Wednesday, January 10, 2024

#10 / Immunity Rex


Former president Donald J. Trump (pictured) has been charged, in a criminal case filed in the State of Georgia, with various violations of Georgia state law. In essence, the former president has been accused of trying to overturn his 2020 electoral loss, in Georgia, by taking part in a plot to submit false slates of electors. Had Trump been successful, the results of the election, in Georgia, could have been reversed, and this could have meant that the person who actually won the 2020 presidential election, Joe Biden, would have been declared the "loser," instead of the "winner," and our former president would still be president. 

The indictment of the former president is ninety-eight pages in length. There are eighteen co-defendants. The charges are based on a decision by a Grand Jury (in other words, a jury made up of ordinary citizens), which handed down the indictment in August 2023. The prosecutor's office has proposed a start date for the trial in August of this year. 

On Monday, Trump's lawyers argued in court that all the charges against him should be dismissed. Their argument on why a dismissal should be granted was not that the charges are groundless. The motions to dismiss the charges are based on a claim that Trump's actions were taken by him as president, and that they are, therefore, "official acts," taken by him while in office, and that a president of the United States is "immune from prosecution" for any "official action" he takes while president. Violating the law, if done by a president as an "official act," cannot be criminal. 

Were that to be the law, our president would not have to follow the laws enacted by representative governmental bodies, because (so Trump claims) presidents can do whatever they want to do (even violate the law) as long as they're the president and are acting as president when they do it. Clicking this link will take you to a report on the issue by historian Heather Cox Richardson. If you click here, you will be able to read a legal analysis by Joyce Vance, who previously served as the United States attorney for the Northern District of Alabama.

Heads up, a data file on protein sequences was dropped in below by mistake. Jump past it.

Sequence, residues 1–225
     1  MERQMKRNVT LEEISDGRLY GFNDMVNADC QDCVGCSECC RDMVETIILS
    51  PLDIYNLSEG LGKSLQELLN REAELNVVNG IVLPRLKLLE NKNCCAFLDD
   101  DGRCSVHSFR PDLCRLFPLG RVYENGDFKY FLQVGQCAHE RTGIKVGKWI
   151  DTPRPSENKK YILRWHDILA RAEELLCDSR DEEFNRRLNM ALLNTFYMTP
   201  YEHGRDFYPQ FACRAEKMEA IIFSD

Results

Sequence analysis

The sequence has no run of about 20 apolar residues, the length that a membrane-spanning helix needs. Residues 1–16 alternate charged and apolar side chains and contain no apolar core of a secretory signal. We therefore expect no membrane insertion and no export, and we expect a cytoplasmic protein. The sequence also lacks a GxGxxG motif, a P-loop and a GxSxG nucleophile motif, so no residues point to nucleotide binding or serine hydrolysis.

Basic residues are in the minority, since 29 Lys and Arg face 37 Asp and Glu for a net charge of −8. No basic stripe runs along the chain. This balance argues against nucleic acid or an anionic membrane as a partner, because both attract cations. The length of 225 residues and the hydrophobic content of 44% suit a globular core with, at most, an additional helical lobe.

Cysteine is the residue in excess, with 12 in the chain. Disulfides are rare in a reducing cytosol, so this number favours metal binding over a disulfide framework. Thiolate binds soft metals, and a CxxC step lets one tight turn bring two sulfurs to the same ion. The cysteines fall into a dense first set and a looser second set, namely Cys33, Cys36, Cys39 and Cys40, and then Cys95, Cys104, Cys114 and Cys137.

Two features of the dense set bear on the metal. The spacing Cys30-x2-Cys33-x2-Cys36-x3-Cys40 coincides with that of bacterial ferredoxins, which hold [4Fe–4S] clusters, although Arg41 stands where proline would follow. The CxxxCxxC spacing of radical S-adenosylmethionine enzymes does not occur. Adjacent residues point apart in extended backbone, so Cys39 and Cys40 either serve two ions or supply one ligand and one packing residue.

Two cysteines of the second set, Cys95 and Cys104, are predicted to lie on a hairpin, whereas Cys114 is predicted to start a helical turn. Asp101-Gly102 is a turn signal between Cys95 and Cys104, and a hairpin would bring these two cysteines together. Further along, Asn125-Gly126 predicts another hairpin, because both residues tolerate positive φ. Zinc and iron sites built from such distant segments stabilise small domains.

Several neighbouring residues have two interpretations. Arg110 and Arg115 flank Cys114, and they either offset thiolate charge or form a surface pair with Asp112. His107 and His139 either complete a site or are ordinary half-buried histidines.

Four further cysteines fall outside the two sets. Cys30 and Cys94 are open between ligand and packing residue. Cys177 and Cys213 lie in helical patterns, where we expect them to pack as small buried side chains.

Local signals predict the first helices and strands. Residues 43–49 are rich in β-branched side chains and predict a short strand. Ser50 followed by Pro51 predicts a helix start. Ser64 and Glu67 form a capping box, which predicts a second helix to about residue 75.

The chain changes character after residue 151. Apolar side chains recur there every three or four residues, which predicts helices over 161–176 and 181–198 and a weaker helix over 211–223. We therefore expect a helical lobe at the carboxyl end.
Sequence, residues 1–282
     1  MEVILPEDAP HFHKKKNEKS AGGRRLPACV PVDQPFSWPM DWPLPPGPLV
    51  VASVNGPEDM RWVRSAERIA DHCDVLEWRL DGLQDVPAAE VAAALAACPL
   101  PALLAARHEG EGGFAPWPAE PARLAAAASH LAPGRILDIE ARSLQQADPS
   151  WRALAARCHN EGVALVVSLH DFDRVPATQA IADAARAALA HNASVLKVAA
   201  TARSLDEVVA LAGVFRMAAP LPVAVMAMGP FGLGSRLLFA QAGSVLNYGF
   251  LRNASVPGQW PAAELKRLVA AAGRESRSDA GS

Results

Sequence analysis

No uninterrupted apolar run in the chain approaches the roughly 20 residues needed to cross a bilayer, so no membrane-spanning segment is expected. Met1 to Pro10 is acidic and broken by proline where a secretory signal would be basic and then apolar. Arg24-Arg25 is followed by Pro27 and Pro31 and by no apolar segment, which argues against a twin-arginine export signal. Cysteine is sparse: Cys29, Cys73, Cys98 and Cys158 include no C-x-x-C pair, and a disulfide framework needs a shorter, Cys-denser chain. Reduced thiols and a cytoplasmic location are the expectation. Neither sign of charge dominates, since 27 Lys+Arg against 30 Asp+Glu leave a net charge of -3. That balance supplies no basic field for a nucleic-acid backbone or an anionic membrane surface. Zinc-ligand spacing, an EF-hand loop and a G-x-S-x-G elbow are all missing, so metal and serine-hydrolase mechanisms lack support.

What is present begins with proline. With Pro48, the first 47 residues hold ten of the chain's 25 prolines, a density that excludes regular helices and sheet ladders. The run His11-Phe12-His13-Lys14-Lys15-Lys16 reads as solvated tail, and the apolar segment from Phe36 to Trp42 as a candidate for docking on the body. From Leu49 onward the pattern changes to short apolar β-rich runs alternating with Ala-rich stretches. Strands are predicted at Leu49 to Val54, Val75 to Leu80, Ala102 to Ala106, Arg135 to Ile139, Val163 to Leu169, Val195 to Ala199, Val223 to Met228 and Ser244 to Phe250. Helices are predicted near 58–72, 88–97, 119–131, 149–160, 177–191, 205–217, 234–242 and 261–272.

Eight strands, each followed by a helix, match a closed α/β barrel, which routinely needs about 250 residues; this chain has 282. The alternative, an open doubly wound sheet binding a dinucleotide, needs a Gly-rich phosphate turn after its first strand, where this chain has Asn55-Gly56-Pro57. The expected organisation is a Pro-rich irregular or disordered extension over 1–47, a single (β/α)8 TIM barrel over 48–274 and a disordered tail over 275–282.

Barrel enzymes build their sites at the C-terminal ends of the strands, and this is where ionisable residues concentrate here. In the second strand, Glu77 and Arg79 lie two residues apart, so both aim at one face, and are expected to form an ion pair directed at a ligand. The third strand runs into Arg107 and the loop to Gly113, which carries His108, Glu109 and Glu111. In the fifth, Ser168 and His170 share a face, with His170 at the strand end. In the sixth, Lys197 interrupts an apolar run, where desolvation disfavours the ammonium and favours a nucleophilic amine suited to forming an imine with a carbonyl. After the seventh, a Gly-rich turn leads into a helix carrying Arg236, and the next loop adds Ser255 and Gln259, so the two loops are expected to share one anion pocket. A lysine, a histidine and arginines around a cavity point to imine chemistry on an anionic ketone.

You may have heard the claim that the United States has "a government of laws, not of men." This is, in fact, an understanding that goes back to the Founding Fathers, and specifically to John Adams, who was worried about monarchial tendencies reasserting themselves here:

What, according to Adams, were to be the principles at the heart of the American regime? The principles of nature. Adams famously called a republic “a government of laws, not of men.” He was quoting James Harrington. The context is worth noting: “Empire of laws, not of men,” Harrington wrote, is “according to ancient prudence.” In contrast, “modern prudence” counsels that “some man, or some few men, subject a city or a nation, and rule it according to his or their private interest: which, because the laws in such cases are made according to the interest of a man, or of some few families, may be said to be the empire of men, and not of laws.” The empire of laws is concerned with right; the empire of men, with power (emphasis added).

The Constitution, in our system of government, is the supreme law of the land, and that Constitution provides that the powers of the president are summed up by the command, in Article II, Section 3, that he shall "take care that the laws be faithfully executed." The Trump claim, however, is that presidents don't have to follow the laws that other elected officials have to follow. Members of Congress, for instance, or elected officials who serve in the legislatures of the independent states, do have to follow laws that are properly enacted. But not our presidents, says Trump. His claim is that presidents have to be able to take the actions that they, themselves, determine are necessary and proper. When we elect a president we ought to understand that's how it is. 

Trump's claim is that Presidents have "immunity," and if such "immunity" is conceded, our presidents are, effectively, kings. Trump has said that if he is reelected this year, he will be a "dictator for a day." But if Trump's claims in the Georgia case are ever ratified by the Supreme Court of the United States, which gets to have the final word on what our Constitution requires, a president will be a dictator every day.

No comments:

Post a Comment

Thanks for your comment!